Theater Review - Havana nights

Day of the Kings makes soap opera out of Cuban history

Like New Orleans during Mardi Gras or Rio during Carnaval, 19th-century Havana surrendered its streets to the Day of the Kings festival. The Feast of the Epiphany on Jan. 6 provided one day a year when the country's slave population was free to dance, drink and celebrate with abandon.

The Alliance Theatre's world premiere of the historical melodrama Day of the Kings opens with masquerading revelers, but none proves so deeply disguised as Dr. Faber. With windswept, Byronic hair and a reserved manner, he's a dedicated physician and French expatriate - but he's not actually a "he." A doctor's educated widow, Faber (Katie Firth), passes as a man in Cuba to fulfill her passion for medicine, which was illegal for women of the day to practice.

The intriguing yet overheated play takes place on the Day of the Kings over three successive years in the early 1800s, as Dr. Faber successfully maintains her deception, yet burns with secret desire for Diego (Sandro Isaack), her strapping medical apprentice.

That's just one of the play's torrid storylines.

Day of the Kings also reveals the secret doings of overextended plantation owner Hector Nunez (Triney Sandoval), his formidable wife (Romi Dias) and their naive, rebellious daughter, Blanca (Maria Parra). The white-complexioned Nunez family surreptitiously crosses the color line when Hector has a bastard son with his black mistress (Crystal Porter) and Blanca educates house slave Esteban (Theroun Patterson).

Winner of Alliance's Graduate Playwriting Competition, playwright Daphne Greaves seems attracted to historic Cuba for its sharp divides between race, class and gender roles, and she engineers conflict to set them at odds. The fleeting liberties of the street festival make a pointed contrast with the social freedoms denied women and slaves.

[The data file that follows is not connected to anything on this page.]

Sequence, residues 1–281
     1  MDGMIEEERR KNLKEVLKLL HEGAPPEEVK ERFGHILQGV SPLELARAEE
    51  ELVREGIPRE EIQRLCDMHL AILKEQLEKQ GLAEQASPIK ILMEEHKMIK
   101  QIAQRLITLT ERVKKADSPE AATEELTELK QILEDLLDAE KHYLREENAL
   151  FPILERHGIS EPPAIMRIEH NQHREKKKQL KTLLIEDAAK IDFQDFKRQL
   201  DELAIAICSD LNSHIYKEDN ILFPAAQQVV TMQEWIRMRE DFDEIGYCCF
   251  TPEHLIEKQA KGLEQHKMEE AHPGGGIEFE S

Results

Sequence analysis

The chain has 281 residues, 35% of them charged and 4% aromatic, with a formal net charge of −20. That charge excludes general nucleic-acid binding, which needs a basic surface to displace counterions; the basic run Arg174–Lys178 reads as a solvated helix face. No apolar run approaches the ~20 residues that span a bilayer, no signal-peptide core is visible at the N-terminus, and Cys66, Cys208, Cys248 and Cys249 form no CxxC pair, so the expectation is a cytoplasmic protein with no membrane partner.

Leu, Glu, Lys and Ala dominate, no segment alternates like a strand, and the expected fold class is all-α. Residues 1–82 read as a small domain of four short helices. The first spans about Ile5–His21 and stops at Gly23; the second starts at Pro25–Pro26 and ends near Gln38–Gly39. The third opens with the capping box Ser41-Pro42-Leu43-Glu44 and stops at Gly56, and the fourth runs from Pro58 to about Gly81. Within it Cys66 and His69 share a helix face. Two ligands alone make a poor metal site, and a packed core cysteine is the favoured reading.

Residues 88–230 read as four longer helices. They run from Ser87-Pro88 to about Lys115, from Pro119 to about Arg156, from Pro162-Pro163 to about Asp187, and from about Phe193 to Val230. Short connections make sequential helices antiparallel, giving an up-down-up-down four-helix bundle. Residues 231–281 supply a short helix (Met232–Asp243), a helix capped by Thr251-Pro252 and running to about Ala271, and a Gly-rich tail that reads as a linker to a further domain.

But Greaves loads Day of the Kings with enough material for multiple plays, and the results are pure soap opera. With dialogue full of racing hearts and boiling blood, the play's title could just as easily be Forbidden Love! Greaves tries to recount so many stories that the characters lack dimension, and Hector and Diego amount to little more than tempestuous lunkheads.

The Nunez family subplots come at the expense of Dr. Faber. Based on an obscure yet fascinating historic figure, Faber should be a proto-feminist icon, yet the play focuses almost entirely on her passivity as she vacillates over her attraction to Diego. Day of the Kings finds humor when Diego gives the doctor comradely lessons in how to woo women, but Faber becomes too much a lovelorn cross-dresser, like Barbra Streisand's Yentl, and not enough of a female revolutionary, like George Bernard Shaw's Saint Joan. Firth's performance only emphasizes her dithering tendencies.

Blanca may be a cliché of the poor little rich girl who resists her arranged marriage and envies the sensual ease of the "coloreds," but Parra nevertheless gives a heartfelt portrayal. When Esteban speaks of the inspiration he derives from Thomas Paine, Patterson hints at the slave's frustrated rage, but the script muddles his participation in offstage slave uprisings.

With telenovela-worthy scenes of torture, imprisonment, bedside confession and exposed secrets, Day of Kings veers further and further toward camp without seeming to realize it. Late in the second act, Maurice Ralston's drunken jailer gets laughs that feel tinged with relief, as if the audience finally has permission not to take the show so seriously.

Scott Bradley designed a lovely, Spanish-style set, but placed the stage so low that it has the worst sightlines I've ever seen in an Alliance production. When the actors sit on the furniture, they all but vanish from view. That could be a metaphor for the greater problems of Day of the Kings, a play rich with possibilities that loses sight of its most original and compelling qualities.


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